The current job market is in good shape, with the Bureau of Labor Statistics predicting an addition of 8.4 million jobs from 2018 to 2028. But this doesn’t mean employers will hire just anyone.  


They’re on the hunt for employees who can learn on the go, work well with others, and bring their best ideas to the workplace.  Here are a few of the skills that business students should develop to make sure they’re ready for today’s job market:

1. Cultural Competence

Not everyone looks, thinks, or believes the same way you do—but can you navigate those differences to work well with others? Cultural competence takes teamwork to the next level. If you’re culturally competent, you are conscious of the differences between yourself and employees of other cultural, ethnic, or even socioeconomic backgrounds. But rather than being put off by those differences, you’re able to embrace them, appreciate and learn from them, and use those differences to strengthen your working relationships.

Academic programs can help you develop cultural competence by exposing you to a diverse student or faculty population, or by using course material, media, or class experiences to take you outside of your own experience. International study is another great way to develop cultural competence.

2. Written and Oral Communication 

Do you know how to translate your thoughts into words that others understand? Written and oral communication skills are must-haves for every employee, but especially those in the business world, where interactions with clients and investors demand that you can clearly explain your business. If you’re a weak writer or poor orator, you’ll have a hard time winning contracts or financial support for your business—not to mention snuffing out company rumors with a quick, pointed email. 

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To develop your communication skills, look for a business program that requires classes like public speaking and interpersonal communication. And when you take those classes, take them seriously. Words enable the clearest form of communication, far better than emojis or charades, so hone your skills to set yourself up for success.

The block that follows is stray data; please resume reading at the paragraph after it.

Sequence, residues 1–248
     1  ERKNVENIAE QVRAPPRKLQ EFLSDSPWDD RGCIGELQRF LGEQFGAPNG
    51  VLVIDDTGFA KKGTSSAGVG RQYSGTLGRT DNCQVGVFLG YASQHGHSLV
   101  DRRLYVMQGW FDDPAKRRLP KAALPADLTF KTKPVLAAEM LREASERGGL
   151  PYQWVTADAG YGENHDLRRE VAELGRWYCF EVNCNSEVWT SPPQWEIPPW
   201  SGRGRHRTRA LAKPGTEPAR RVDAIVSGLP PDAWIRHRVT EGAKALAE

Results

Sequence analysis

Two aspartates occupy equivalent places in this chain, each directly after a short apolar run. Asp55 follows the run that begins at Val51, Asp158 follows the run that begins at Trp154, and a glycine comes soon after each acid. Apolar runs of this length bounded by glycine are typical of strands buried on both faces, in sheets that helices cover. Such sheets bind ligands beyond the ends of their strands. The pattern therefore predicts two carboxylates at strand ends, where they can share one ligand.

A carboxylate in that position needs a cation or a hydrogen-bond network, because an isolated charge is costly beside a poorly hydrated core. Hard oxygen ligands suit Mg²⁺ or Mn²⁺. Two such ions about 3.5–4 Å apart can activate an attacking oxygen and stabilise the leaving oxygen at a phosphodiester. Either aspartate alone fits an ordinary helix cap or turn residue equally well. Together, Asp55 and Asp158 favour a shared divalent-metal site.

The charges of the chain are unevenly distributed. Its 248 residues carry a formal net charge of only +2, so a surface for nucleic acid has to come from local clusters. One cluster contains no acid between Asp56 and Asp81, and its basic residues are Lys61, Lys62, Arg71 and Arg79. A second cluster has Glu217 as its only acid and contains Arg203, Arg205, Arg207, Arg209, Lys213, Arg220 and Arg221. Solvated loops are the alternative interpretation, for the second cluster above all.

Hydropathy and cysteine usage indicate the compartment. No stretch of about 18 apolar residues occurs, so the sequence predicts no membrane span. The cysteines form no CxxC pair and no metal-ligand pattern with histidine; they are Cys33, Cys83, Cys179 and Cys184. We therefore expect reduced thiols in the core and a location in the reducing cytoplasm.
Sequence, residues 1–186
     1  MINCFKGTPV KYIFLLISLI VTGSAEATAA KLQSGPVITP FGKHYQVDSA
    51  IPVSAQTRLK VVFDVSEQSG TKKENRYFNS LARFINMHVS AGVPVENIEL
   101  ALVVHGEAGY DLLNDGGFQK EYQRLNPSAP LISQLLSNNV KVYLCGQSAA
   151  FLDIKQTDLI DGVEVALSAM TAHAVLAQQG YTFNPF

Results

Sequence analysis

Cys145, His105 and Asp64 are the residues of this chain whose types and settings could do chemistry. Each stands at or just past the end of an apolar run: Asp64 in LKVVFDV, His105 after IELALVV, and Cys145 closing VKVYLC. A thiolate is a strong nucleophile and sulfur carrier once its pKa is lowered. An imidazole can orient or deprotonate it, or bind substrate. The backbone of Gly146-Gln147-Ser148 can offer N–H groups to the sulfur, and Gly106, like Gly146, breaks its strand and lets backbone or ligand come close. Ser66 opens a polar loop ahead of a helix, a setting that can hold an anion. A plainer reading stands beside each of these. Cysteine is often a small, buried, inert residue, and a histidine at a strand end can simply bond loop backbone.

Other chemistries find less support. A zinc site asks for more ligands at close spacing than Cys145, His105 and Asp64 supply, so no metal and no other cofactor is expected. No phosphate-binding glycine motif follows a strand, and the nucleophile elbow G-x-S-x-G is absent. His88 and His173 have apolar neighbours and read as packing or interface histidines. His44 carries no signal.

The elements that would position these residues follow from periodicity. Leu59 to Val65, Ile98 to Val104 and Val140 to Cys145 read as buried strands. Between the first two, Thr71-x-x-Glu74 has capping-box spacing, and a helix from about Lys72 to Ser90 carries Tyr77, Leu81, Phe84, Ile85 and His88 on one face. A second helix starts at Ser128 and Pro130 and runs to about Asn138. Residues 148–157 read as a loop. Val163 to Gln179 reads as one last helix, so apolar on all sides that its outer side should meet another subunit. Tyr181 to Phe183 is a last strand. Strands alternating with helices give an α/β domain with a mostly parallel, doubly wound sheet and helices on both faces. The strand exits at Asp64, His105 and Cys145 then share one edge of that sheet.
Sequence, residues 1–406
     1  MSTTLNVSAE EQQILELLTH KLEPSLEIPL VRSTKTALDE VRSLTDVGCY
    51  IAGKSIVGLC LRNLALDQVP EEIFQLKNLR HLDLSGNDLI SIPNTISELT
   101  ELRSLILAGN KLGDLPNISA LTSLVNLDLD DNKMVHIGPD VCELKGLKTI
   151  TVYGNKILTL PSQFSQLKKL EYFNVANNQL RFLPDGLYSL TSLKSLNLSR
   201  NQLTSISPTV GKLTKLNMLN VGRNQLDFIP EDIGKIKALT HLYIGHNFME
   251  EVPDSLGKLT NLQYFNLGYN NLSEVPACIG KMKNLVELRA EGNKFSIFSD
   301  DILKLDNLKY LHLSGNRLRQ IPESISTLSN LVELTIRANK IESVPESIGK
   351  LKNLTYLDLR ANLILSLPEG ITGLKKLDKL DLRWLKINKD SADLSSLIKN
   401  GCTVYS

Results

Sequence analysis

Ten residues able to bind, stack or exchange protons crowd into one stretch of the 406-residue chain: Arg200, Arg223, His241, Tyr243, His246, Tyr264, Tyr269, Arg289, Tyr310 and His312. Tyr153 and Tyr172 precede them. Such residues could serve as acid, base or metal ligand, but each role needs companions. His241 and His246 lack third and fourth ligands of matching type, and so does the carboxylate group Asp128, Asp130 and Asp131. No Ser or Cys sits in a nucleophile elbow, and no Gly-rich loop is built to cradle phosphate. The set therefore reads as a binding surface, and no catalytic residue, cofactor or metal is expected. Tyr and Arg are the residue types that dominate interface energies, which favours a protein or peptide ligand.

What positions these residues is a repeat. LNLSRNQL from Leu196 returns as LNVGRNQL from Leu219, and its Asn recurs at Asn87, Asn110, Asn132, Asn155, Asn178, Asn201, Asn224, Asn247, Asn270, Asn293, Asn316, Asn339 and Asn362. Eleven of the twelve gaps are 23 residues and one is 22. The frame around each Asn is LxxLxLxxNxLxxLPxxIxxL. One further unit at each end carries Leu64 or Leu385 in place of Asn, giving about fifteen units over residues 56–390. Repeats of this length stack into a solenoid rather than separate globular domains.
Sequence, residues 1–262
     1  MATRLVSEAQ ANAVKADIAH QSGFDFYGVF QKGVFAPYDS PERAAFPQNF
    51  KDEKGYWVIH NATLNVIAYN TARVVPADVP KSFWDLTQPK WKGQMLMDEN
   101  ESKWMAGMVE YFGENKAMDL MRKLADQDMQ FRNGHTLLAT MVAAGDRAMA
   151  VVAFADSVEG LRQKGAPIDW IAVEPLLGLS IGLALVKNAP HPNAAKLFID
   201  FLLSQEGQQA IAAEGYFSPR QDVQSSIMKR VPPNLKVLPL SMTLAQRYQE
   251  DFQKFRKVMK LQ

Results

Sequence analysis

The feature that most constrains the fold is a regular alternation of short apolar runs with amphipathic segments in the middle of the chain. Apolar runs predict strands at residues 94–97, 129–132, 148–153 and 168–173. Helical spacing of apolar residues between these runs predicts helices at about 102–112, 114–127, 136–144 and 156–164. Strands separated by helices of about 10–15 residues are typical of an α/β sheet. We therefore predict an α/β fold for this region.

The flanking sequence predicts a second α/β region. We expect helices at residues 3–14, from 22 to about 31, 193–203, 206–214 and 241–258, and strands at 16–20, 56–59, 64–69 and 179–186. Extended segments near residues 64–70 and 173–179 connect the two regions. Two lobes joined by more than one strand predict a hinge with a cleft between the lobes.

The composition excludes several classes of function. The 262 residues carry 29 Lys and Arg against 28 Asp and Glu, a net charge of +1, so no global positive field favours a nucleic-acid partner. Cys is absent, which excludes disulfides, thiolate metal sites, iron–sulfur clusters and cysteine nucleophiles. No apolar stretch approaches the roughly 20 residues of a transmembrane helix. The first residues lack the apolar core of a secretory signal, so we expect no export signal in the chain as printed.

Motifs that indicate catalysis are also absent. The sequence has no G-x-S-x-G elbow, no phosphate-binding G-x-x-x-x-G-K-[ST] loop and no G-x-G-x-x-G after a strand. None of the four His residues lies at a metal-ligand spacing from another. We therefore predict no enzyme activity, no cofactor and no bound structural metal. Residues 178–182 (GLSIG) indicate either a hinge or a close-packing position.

3. Creative Problem Solving

This is a classic skill for every job and industry that exists, but it still merits its own mention. Creative problem solving utilizes both strategic and analytical thinking (not to mention a bit of zany creativity) to overcome new or engrained problems. The creative problem solver looks at problems from different angles and brings disparate ideas together to make effective solutions.

Creative problem solving is best developed on the go, through hands-on projects that may require collaboration. These projects don’t necessarily have to be part of business classes (although that won’t hurt), but they could be part of general education course requirements in any subject.

4. Project Management

Can you map out a project from beginning to end, with all of its moving pieces and deadlines, and keep yourself (and others) on task without someone else looking over your shoulder? 

Yes: Congratulations! You have project management skills.
No: Let’s work on this.

Project management skills are necessary for anyone who might be in a management position someday—or anyone who wants their boss to trust that they’ll follow through on their work assignments. 

If you’re not good at project management, one of the best ways to get better is to start practicing with your college syllabi (that’s plural for syllabus, folks). At the beginning of the semester, map out your assignment deadlines and test dates. Then, reverse-engineer the work you’ll need to do for each piece, breaking assignments and studying down into manageable chunks. Plan out when you’ll accomplish each baby step, mark it out on your calendar or digital to-do list tool, and get to work. 

Follow this method each semester, find the project approach that works best for you (do you prefer to do one whole assignment at once and then work on a new one, or would you rather do the research for all three of your papers and then write them?), and apply what you learn in group and internship settings.

5. Adaptability

With technology constantly changing and many young employees switching jobs every few years, it’s important that you’re able to adapt—to new tools, teams, and environments.

The need for adaptability doesn’t mean you need to keep up with every new social media platform or Apple product that’s released into the world, but it means you’re able and willing to keep learning. This way, you (and your employer) can stay at the front of the curve, leading the way in new developments rather than falling behind. 

If there’s one thing that’s certain in today’s business world, it’s changed, so make sure your business program isn’t teaching the same curriculum it taught 30 years ago. With the explosion of data, the dominance of digital technology, and changing regulations influencing how businesses can use both data and technology, it’s crucial that your business program prepares you to stay on top of ongoing developments.